The fourth issue of French Journal du droit international (Clunet) for 2013 was just released. It contains two articles discussing issues of private international law and several casenotes. A full table of content will soon be available here.
In the first article, Hughes Fulchiron (University of Lyon III) discusses the private international law aspects of same-sex marriage after the French statute allowing same sex marriage (Le mariage entre personnes de même sexe en droit international privé au lendemain de la reconnaissance du « mariage pour tous »). The English abstract reads:
Concerned about giving the widest possible international influence to the consecration of same-sex marriage, the french legislator of 17 May 2013 enacted a new rule of conflict of laws according to which « two people of the same sex can contract marriage when for at least one of them, either his [her] personal law or the law of the State in which he [she] has his [her] domicile or residence permits it ». The same rule applies to appreciate the validity in France of same-sex marriages celebrated abroad. The freedom to get married between same-sex persons is setted up as a real French international public policy principle. The new rules arouse many difficulties on the legal plan, but also on the diplomatic plan. Moreover, they increase « lame » marriages. Especially, the legislator in 2013 did not cared about the effects of same-sex marriages, whether the effects in France of a marriage celebrated abroad or effects abroad of a marriage celebrated in France. The question of same-sex marriages in international private law sheds a new light on some of the key issues of the international private law, as it creates original situation, poses complex problems and arouse various legal responses.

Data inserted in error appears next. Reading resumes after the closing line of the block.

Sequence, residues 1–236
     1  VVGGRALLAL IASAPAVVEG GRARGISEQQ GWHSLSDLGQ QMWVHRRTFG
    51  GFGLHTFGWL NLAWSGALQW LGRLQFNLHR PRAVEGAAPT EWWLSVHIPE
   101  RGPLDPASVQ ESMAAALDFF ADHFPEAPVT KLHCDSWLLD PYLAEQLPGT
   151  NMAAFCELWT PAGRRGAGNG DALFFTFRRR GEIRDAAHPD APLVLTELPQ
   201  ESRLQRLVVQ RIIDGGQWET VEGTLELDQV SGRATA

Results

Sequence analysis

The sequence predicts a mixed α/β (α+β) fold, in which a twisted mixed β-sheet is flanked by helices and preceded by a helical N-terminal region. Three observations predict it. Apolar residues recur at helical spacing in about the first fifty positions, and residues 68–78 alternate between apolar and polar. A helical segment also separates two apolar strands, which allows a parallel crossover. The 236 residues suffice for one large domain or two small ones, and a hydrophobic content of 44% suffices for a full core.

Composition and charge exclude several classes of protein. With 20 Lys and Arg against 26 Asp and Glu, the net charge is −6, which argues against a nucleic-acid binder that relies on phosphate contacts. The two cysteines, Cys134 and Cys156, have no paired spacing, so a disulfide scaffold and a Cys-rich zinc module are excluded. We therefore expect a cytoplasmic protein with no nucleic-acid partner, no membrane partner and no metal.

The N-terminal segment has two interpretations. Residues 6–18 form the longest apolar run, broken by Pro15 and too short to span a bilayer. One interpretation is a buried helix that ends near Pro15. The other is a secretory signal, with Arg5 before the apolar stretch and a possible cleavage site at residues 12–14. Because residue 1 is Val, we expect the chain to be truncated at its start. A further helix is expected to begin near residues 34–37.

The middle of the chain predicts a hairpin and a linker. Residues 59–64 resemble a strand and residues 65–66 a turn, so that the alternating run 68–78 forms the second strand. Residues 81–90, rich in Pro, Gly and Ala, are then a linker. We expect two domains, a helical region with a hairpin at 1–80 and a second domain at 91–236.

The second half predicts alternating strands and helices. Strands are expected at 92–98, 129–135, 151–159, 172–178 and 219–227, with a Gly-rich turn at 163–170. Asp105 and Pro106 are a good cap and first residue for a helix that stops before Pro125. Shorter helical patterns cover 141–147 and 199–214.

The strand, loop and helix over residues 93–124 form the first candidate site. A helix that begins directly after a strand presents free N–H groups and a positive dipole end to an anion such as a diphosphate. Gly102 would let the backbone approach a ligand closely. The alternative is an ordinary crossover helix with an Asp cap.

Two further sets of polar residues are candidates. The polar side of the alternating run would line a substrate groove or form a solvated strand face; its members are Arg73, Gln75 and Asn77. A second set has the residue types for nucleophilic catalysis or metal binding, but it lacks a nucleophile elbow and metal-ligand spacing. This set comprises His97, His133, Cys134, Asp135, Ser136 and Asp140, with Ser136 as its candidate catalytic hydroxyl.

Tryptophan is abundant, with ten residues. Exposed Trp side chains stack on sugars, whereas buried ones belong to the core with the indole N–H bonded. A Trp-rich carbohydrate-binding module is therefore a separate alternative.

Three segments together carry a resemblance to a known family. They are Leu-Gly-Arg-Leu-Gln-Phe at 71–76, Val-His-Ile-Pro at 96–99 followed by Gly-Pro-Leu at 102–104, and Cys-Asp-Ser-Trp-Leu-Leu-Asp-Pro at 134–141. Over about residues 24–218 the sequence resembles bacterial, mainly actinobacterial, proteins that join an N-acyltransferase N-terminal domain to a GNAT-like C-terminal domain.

In the second article, Fanny Cornette, who is a researcher at the University of Delft (Holland), explores the issue of the COMI of natural persons under the Insolvency Regulation with a special focus on Alsace-Moselle (Le « centre des intérêts principaux » des personnes physiques dans le cadre de l’application du Règlement Insolvabilité dans les départements de la Moselle, du Bas-Rhin et du Haut-Rhin). The English abstract reads:
The notion of « center of main interest », key concept of the Insolvancy Regulation, caused difficulties even when applying this concept to individuals. Abundant jurisprudence was developed in the departments of Moselle, Bas-Rhin and Haut-Rhin, which are in France, for historical reasons, the only ones concerned by the application of this Regulation to individuals. Lots of debtors, coming from Germany and recently settled in these departments, were denied the application of this text. In fact, judges considered that they moved their center of main interests solely to benefit from the French law, which is more favorable to them than the German one. Therefore, several lines of thoughts should be considered to improve the application of the Insolvency Regulation.